ART

Historic paintings donated to Myrtle Beach art museum

The Myrtle Beach Sun NewsApril 20, 2014 

This pastoral scene with a building that looks like a millhouse, described as in the “manner of John Constable” (1776-1837), is one of four oil paintings by artists from the former Barbizon School in France that Harold Hartshorne Jr. bequeathed to the Franklin G. Burroughs-Simeon B. Chapin Art Museum in Myrtle Beach for future exhibition.

COURTESY PHOTO

— Myrtle Beach’s art museum will have to make room to hang some historic oil paintings after a gift from a late longtime supporter.

The Franklin G. Burroughs-Simeon B. Chapin Art Museum will have the honor of adding four early 19th-century pieces from four artists in the former Barbizon School in France. Harold Hartshorne Jr., who died in October at 95, adorned his walls at home in Lake Geneva, Wis., with these works.

Liz Miller, museum curator, said receiving these gifts from Hartshorne’s estate “really diversifies … and increases the caliber … of our collection.”

Painters who studied at the Barbizon School in the 1830s-’70s are sort of considered “a precursor” to the French Impressionist movement that artists such as Manet exhibited, Miller said.

The Barbizon group focused primarily on landscapes in a “humble and realistic” touch.

“This was a little different from what everyone else was doing,” Miller said.

The four paintings given to the museum are:

•  A seascape by Charles-Franois Daubigny (1817-78), who was viewed as a leader at Barbizon.

•  Two pastoral landscapes including cattle in a pasture, by Constant Troyon (1810-65) and mile Van Marcke (1827-90), both prominent Barbizon artists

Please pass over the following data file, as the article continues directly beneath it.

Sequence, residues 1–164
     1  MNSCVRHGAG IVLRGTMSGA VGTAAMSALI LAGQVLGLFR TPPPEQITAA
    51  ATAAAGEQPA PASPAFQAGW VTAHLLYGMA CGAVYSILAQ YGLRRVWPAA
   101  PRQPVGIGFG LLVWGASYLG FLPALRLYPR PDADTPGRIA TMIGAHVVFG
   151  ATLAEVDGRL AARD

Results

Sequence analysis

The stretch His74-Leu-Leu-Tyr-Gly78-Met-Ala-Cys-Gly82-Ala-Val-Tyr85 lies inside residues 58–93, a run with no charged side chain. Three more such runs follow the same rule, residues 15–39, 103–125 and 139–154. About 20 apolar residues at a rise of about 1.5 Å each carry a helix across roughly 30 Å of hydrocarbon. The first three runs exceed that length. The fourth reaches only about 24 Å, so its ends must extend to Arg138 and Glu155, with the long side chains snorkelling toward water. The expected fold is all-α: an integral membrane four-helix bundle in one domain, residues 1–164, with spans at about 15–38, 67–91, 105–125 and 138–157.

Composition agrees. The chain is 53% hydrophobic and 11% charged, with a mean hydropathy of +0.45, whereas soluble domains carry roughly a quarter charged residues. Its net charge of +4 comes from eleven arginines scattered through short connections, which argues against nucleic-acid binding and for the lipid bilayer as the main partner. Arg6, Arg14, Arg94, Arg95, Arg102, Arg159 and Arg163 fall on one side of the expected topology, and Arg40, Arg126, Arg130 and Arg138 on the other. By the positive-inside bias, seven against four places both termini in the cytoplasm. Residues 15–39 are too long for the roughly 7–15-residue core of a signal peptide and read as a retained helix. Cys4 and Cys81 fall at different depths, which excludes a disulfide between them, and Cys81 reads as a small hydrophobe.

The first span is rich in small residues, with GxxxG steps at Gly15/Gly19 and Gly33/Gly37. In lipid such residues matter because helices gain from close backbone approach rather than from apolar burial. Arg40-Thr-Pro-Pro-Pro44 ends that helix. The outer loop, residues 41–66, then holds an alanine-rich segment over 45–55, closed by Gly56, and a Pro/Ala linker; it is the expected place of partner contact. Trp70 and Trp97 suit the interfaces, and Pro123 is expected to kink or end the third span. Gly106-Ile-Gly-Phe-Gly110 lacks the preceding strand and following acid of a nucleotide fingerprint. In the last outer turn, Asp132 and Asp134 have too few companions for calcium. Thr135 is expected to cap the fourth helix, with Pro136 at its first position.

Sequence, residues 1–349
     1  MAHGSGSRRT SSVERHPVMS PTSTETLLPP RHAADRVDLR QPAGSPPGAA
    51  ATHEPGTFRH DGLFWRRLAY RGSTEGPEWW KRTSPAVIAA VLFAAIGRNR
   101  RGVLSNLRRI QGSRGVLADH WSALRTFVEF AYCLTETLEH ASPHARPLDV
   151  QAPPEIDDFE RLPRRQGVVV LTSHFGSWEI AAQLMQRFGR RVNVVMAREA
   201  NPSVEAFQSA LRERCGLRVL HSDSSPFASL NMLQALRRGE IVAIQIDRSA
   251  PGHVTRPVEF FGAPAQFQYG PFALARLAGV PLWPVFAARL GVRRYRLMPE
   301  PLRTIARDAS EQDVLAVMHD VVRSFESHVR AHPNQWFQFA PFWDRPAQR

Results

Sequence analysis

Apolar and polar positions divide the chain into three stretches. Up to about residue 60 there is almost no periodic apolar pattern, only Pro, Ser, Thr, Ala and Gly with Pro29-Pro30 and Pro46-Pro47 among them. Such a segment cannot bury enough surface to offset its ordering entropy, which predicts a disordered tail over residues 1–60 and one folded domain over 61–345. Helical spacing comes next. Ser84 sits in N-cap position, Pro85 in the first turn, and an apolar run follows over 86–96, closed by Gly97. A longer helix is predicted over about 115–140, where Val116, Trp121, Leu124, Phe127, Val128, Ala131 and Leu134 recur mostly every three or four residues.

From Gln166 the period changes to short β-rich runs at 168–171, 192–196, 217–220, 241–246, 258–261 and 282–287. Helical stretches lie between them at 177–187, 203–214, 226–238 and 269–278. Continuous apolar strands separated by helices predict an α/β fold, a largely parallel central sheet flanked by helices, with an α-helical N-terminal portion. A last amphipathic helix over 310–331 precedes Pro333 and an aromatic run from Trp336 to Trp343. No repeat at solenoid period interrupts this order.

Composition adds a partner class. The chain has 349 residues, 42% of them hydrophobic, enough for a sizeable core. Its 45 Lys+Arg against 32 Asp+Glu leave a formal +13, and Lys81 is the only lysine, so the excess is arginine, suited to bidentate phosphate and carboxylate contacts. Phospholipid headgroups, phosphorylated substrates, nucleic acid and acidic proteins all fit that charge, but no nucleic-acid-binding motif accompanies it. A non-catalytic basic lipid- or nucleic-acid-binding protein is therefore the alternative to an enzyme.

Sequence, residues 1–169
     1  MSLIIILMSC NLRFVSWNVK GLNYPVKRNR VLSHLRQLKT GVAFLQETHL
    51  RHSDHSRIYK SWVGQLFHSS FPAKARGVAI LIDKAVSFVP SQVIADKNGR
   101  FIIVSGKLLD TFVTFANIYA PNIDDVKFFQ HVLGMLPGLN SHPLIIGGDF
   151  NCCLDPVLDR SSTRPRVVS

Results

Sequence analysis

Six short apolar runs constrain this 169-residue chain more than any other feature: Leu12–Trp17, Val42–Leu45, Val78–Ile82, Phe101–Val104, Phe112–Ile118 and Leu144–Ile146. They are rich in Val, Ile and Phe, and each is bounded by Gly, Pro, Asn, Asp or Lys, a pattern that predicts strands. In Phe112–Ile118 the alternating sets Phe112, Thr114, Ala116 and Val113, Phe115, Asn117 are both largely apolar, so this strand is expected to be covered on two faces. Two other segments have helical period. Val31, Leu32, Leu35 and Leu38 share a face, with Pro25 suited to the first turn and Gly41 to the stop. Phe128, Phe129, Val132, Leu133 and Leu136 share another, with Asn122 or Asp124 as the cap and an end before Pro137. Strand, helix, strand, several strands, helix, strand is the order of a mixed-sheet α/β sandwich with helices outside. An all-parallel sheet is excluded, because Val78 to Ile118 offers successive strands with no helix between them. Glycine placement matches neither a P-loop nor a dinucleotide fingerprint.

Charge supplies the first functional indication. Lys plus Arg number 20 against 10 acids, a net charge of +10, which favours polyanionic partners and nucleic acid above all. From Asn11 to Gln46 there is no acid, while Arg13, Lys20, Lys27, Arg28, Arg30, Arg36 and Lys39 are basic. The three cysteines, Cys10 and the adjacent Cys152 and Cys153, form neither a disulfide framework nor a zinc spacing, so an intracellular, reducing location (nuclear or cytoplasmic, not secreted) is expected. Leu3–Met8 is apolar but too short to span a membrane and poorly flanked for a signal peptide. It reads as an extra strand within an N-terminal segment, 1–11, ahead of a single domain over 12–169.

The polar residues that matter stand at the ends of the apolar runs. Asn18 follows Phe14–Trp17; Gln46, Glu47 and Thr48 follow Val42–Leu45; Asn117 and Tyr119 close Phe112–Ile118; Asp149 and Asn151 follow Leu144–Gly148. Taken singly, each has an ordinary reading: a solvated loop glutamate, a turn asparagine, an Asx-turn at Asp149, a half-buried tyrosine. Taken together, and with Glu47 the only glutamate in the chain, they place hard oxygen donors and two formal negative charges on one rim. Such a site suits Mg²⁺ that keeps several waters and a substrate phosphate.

•  A pastoral scene with a building that looks like a millhouse, described as in the “manner of John Constable” (1776-1837), an English artist credited with inspiring the movement.

Miller said all the works were “all done in earth tones,” with an approach and brush strokes that later would lead up to “that Impressionist style.”

“Some of the critics at that time would have seen that as loose handling of the paint,” she said, noting the technique “wasn’t truly appreciated until later on.”

Patricia Goodwin, museum executive director, said she and Carolyn Burroughs – whose family helps makes up the museum name – had been invited in 2009 by Hartshorne to his farm to look at the four paintings for consideration for a new home in the museum.

“Of course, we said yes,” Goodwin said, always hoping the plans would pan out as Hartshorne wanted.

Notification of the bequest was made at the start of this year, she said, also admiring the artworks’ “fabulous” frames as well and the history of their possession.

The museum also will receive from Hartshorne’s estate the original bills of sale for the works that show when Simeon B. Chapin – Hartshorne’s grandfather – bought them, in about 1905, and when he had them framed, Goodwin said.

Looking at the bill of sale for the Daubigny painting on Thursday morning, Goodwin said it was June 28, 1905.

Next, the museum will have all four pieces appraised, Goodwin said, also to ensure all steps are taken to ensure their conservation and restoration, before unveiling them in their new home with an ocean view.

“The Chapin family means so much to this area,” Goodwin said, grateful for the four works just opened from their shipping crates, “and to me, this is a continuation of that philanthropy that Mr. Chapin started so many years ago.”

Goodwin also heaped praise in Hartshorne’s memory.

She said that he was active on the museum’s board of directors for a while.

That was many years after the New York native and Princeton graduate’s drafting into the Army in 1941 and as an Air Corps pilot, training French cadets to fly, for which he was awarded a pair of honorary French Wings by French President Charles DeGaulle after World War II.

“Harry was just a very, very special man and a good friend,” Goodwin said.

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